Football - FA Cup - Final - Liverpool v West Ham United

I KNOW exactly what you were doing on May 13, 2006, writes SAM JONES.

You were watching the cup final, The Gerrard Final. One of the most memorable games of the modern day – high drama, goals, penalty shootouts; the lot.

Two-nil down, pull it back. Go behind again, then that goal. Him again, that goal. Extra time, then penalties. Lifting the cup. A game you’ll always remember watching. One to tell your kids about.

Except, unlike you, I didn’t watch it. I’d gone on holiday (during the season, I know…) and nowhere was showing the game. So I went to the match instead.

The match in question was Arka Gdynia against Polonia Warsaw. The game was played in Arka’s ageing stadium and walking up to the ground it was obvious that this was a different experience to going to the match in England, particularly if you follow a premier league side.

A large, by English standards, police presence. Paying on the gate then walking down to take a place on a terrace behind a goal with fences, it all felt like a step back in time.

Fan culture is also very different, more orchestrated. A lad on a platform with a megaphone and his back to the pitch led 90 minutes of chanting — something far closer to continental ultras than anything you get over here.

The game that followed wasn’t as entertaining as the one you watched. I got a barrage of texts keeping me updated with the disaster that appeared to be unfolding at the Millennium Stadium as I watched what looked like a 0-0 draw in the making.


Then, with 66 minutes gone Polonia Warsaw take the lead. It ends 1-0 and Arka are relegated. As you can imagine the mood among my hosts isn’t great at this point. Lukasz and I head to the pub to celebrate the Reds’ cup win and drown his sorrows with loads of lager that was very much stronger than I was used to, culminating in getting us asked to leave for singing Liverpool songs. Sorry, lads.

Fast forward 10 years and I’m back in Gdynia — a great city on the Baltic coast that has everything you could want, including forests on one side and a beach on the other. A city with a beach, what’s not to like? The Reds aren’t going to trouble Europe this year, so I thought I’d have a look to see if I could fit in a game while I still don’t need a visa for it (cheers, Nigel) so I thought I’d have a look at the fixtures.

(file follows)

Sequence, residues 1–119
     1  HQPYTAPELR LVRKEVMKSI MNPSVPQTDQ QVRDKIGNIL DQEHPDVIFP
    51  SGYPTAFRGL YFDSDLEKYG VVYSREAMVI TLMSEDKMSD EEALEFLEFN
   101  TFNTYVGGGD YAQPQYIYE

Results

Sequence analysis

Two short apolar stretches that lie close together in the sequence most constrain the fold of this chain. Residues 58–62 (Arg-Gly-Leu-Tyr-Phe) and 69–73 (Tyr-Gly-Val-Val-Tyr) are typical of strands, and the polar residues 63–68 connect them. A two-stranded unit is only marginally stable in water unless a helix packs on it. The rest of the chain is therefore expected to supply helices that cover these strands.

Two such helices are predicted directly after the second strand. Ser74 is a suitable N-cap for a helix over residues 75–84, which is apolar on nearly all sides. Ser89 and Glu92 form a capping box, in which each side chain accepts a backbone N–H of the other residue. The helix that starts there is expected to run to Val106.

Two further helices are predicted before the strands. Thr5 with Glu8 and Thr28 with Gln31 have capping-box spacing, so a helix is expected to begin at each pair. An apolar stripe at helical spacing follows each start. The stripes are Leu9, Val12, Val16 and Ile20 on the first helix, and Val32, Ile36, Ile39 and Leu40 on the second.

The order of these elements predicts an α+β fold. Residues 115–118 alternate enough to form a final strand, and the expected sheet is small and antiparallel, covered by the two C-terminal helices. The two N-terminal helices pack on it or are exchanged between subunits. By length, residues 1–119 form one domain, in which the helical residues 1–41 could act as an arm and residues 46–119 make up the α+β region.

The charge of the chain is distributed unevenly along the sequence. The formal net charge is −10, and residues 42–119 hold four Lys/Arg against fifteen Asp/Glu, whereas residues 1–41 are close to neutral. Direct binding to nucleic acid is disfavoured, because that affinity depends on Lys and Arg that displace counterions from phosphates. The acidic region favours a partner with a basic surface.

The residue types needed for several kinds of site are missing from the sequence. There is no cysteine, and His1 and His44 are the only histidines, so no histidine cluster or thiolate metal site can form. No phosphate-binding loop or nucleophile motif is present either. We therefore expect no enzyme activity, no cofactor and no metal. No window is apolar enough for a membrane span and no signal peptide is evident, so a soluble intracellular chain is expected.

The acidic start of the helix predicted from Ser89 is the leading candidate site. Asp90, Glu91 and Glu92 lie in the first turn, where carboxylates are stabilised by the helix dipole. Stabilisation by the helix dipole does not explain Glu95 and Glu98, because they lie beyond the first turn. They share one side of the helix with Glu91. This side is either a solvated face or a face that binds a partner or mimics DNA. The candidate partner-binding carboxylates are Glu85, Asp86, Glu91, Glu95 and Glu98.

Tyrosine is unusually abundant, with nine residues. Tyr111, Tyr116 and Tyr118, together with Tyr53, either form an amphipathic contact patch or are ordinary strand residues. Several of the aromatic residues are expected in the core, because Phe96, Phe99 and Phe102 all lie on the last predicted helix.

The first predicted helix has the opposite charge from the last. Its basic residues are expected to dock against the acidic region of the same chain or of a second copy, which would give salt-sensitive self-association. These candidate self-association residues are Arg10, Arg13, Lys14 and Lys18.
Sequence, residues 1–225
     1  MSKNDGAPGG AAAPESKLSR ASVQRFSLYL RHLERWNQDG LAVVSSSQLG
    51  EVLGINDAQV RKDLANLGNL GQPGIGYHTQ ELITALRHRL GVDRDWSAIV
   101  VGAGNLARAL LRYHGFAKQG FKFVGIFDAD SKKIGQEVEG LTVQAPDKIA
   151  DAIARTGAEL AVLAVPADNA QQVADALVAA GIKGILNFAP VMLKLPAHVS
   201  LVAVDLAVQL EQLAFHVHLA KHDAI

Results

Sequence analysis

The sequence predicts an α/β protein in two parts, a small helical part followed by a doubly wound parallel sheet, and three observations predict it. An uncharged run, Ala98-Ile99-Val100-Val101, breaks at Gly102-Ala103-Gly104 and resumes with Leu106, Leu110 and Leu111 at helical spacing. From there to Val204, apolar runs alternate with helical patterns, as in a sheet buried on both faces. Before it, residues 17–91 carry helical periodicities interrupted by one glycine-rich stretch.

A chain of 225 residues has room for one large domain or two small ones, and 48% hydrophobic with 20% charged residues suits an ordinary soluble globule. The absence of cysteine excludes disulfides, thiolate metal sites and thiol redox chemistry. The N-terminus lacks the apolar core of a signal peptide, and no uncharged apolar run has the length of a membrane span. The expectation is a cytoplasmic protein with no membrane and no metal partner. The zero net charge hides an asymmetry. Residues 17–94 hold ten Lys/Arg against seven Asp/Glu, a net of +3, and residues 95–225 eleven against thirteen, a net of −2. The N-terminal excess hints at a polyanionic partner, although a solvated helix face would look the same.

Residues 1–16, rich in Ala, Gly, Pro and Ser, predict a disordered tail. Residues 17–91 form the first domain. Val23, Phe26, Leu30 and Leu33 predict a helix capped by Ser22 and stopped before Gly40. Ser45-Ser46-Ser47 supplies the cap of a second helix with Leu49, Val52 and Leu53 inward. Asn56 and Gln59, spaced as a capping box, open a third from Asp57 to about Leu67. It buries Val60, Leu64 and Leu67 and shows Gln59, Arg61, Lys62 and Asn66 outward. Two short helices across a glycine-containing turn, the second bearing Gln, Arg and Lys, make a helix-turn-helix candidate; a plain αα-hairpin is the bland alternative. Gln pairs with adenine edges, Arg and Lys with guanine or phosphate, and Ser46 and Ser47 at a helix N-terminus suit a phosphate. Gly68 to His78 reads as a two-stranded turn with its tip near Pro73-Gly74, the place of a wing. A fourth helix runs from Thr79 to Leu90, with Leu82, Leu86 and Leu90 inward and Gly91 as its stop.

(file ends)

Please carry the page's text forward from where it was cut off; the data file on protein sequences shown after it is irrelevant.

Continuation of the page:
Arka are just about to start a season in the Ekstraklasa, Poland’s top division, having been promoted last year. I haven’t been to a match there since, as a result of not going on holiday during the season, but this year their first home game of the new season was in July. On a Friday, with an 8.30pm kick-off. A Friday 8.30pm kick-off is something I’m very obviously going to.

I’ve not really kept up with them so I thought I’d do a bit of research, see if I recognised any players, so I looked them up. A name stood out, Paweł Abbot. Abbot is most definitely not a Polish name, and it turns out he’s from Yorkshire. And never has a man more looked like he was from Yorkshire. The man James Milner aspires to be. He had a career among the lower leagues before moving to Poland, where last year his goals won promotion.

Paweł Abbott jako Turbokozak! by niebiescytv

Equipped with a new hero, it’s off to buy a match ticket. New laws mean you need ID to register with the club so this means using a passport to buy a ticket. If I wasn’t on a list before I am now.

This isn’t the only difference to buying a ticket in England. I pay 25 Zloty for a spec low down not far from the halfway line. That’s £4.85 if you’re wondering — about a tenth of the price of my usual Kop ticket.

The day before the game and it turns out we’re staying in the same hotel as the Wisla Krakow squad. Frankly, I think this says more about their budget than mine — I’m in no danger of staying in the same hotel as the Liverpool squad anytime soon, but it did lead to me and my wife being in a lift with about six of them. She’s processing why they all wear matching outfits with matching luggage with numbers on when the penny drops and she asks them if they are playing Arka tomorrow.

“No, Arka are playing us,” is the reply. Some good early needle from the Wisla lads to be fair.

Come the day of the game and it’s just like at home. Apart from being really warm and a Friday evening, but a few pints then a bus to the ground. Gdynia operates some sort of trust system on their buses where you have to validate your ticket to say you’ve used it, so obviously everyone just bunks on. Merseytravel should have a look at this, it’s a good idea.

Things have changed since my last visit and, despite relegation, Arka had managed to get a new ground built. So gone are the crumbing terraces I stood on before to be replaced by something far more modern.